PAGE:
It has been almost a year since I was rotated out of my suburban post. I still occasionally do calls in that town, but I have largely lost touch with most of my regular patients of the last decade. Last week, I was taking a patient from the hospital back to one of the local nursing homes in that town. I was driving and sitting up in the passenger seat with me was one of the nursing aides from the home. I asked him how he liked working at the manor, and he said he did, and then I asked how my friend Jimmy Ryder was doing. “Jimmy?” he said, “You mean the Viet Nam Vet, the little guy? He’s gone a couple a months now.”
I asked for details, but he had little. He didn’t know if he died in the hospital or in his bed, or if the ambulance came or not. He just came in one day and Jimmy’s bed was stripped.
I wrote this about Jimmy Ryder five years ago.
It’s Christmas eve. We get called to one of the local nursing homes for rib pain. The room number sounds familiar. As we wheel our stretcher through the lobby, “Good King Wenceslas” plays through the speakers.
Gently shone the moon that night, thou the frost was cruel.
When a poor man came in sight, gathering winter’s fuel.
In the East Wing, the nurse hands me the paperwork. “Mr. Ryder says he needs more Percocets. He’s requesting transport.”
Mr. Ryder (Jimmy to me) is a tattooed biker, an emaciated COPDer with a long white beard. Almost sixty, he can’t weigh more than a hundred pounds. He sits in his wheel chair, in his Rebels motorcycle jacket, wearing an oxygen cannula.
“I’m in real bad pain,” he tells me in his whisper of a voice. “Fifteen on the scale.” He nods as if to say it is the truth.
“Well, we’ll check you out when we get you out in the ambulance,” I say.
It seems he fell a couple weeks ago and cracked a rib.
I have taken him to the hospital at least ten times over the years. The night medics have taken him more. Nearly every time it is self-dispatched. He agitates the nurses until they call his doctor who after several calls relents and tells the nurses to go ahead and call an ambulance just to get him to stop pestering them. He gets pneumonia a lot and complains of the chest pain. It is always “real bad,” he says. He goes to the hospital and gets sent back a couple hours later. He is rarely admitted, and in those cases it is usually for a COPD exacerbation.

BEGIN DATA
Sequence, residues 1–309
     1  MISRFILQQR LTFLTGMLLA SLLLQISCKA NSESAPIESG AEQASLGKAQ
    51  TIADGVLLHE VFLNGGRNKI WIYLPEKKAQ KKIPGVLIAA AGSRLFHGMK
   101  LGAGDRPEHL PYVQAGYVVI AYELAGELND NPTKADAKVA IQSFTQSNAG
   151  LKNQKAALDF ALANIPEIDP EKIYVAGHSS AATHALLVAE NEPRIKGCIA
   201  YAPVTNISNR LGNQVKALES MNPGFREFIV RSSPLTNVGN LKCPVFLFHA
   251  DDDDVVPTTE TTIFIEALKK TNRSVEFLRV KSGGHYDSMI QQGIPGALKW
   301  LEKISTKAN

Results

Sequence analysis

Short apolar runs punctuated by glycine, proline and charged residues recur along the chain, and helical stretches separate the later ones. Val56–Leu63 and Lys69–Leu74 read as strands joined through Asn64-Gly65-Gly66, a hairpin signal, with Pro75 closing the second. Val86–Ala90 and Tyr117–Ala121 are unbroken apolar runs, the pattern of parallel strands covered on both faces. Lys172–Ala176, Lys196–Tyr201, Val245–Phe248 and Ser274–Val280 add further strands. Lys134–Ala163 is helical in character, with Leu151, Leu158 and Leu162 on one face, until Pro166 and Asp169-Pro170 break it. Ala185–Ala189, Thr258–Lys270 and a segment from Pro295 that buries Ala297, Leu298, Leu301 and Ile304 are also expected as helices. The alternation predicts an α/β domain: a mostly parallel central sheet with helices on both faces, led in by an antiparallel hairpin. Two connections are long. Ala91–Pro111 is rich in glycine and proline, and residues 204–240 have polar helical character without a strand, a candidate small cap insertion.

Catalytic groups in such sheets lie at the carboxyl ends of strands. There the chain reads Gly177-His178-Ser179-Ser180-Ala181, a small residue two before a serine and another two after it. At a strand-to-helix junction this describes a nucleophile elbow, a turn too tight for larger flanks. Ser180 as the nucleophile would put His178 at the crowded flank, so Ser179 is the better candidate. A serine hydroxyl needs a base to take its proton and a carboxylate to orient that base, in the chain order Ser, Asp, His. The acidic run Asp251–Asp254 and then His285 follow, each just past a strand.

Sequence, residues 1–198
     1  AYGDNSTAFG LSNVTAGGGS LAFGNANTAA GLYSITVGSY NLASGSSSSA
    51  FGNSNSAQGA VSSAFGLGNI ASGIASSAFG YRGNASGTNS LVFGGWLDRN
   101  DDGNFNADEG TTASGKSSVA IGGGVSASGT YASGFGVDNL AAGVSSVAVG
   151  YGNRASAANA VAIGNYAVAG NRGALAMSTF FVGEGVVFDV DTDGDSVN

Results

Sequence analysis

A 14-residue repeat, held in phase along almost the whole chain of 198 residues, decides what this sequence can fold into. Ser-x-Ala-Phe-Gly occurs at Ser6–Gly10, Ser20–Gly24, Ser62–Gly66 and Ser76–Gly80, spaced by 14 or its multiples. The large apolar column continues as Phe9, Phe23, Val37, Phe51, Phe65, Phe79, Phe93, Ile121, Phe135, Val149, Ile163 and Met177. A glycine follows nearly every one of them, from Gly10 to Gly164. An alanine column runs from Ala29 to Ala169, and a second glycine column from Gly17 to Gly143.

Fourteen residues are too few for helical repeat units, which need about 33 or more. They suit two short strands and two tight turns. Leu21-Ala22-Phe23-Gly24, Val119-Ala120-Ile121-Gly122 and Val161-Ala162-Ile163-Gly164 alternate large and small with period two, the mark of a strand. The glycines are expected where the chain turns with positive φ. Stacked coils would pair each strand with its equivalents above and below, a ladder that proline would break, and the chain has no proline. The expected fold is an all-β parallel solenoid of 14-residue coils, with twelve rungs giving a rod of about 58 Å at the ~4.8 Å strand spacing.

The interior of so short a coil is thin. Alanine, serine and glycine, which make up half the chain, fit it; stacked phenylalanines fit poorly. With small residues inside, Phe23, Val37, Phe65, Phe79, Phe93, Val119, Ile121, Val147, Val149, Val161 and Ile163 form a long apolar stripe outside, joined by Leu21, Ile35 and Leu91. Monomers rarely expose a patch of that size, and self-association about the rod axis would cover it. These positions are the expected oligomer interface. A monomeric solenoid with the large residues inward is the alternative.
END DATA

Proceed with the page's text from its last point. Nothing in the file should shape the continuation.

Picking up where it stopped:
While I don’t like to categorize patients in this way, he does fall into the “pain in the ass” category. But a patient is a patient, and none of my paychecks has ever bounced, so I’m not really complaining. They’ll be turkey with all its fixings on my feast table tomorrow. And besides, there is always something to be said for the familiar.
I see Jimmy nearly everytime we go into the nursing home. He is usually sitting out in his wheelchair in the main TV area. I say “Hey Jimmy! How’ya doing?” as I push the stretcher past going for someone else on the wing.
He lights up and says, “Not too bad, hanging in there.”
That’s the jist of our relationship.
Today in the ambulance, I have an EMT student do vitals as we start toward the hospital.
She chit chats with him.
“You’ve got all your Christmas shopping done?”
“Yeah, I just bought stuff for myself,” he says. He tells her Dial-a-Ride took him to the Mall. His favorite store is Spensers where he gets a lot of novelty gag items.
“I buy presents for myself sometimes,” she says. “How about you?” she asks me.
“I’m pretty much done.”
“Well, unless you’re going to the drug store when you get off, you’re out of luck. Time’s run out.”
“I’m in good shape,” I say. I think to myself if I get out in time, I’ll probably make a quick stop at the liquor store where I’ll buy myself some Christmas beer — a case of Red Stripe. I always ask for a case of a specialty beer for Christmas. Last year it was Presidente from the Domminican. This year I want Red Stripe from Jamaica. My girlfriend was going to buy it for me, but she is still hung up at the hospital. I told her not to worry about it. I’d get it myself. There is a liquor store that doesn’t close till eight on my way home. I’ll drink the beer slowly over the course of the year, taking one out every now and then and drinking it slow. I’ll buy other beer during the year, but this case — my Christmas beer — I’ll stretch out.
Jimmy looks up at the EMT student and says, “This guy over here, me and him go back a long way.”
“He’s taken care of you before?” she says.
“Yeah.” He nods at me and then says, “He’s probably one of my best friends in the world.”
I melt a little inside at his words. It also makes me terribly sad. I think of all his biker buddies — Hoss and Snake and Big Steve — and wonder if they are enjoying their winter’s fuel at the Iron Hog without him tonight or if maybe they are all either in the cold ground or solitary in nursing homes themselves.
Jimmy looks up at me now, his eyes locking on mine. “I’m in real bad pain,” he whispers urgently. “Fifteen on the scale.”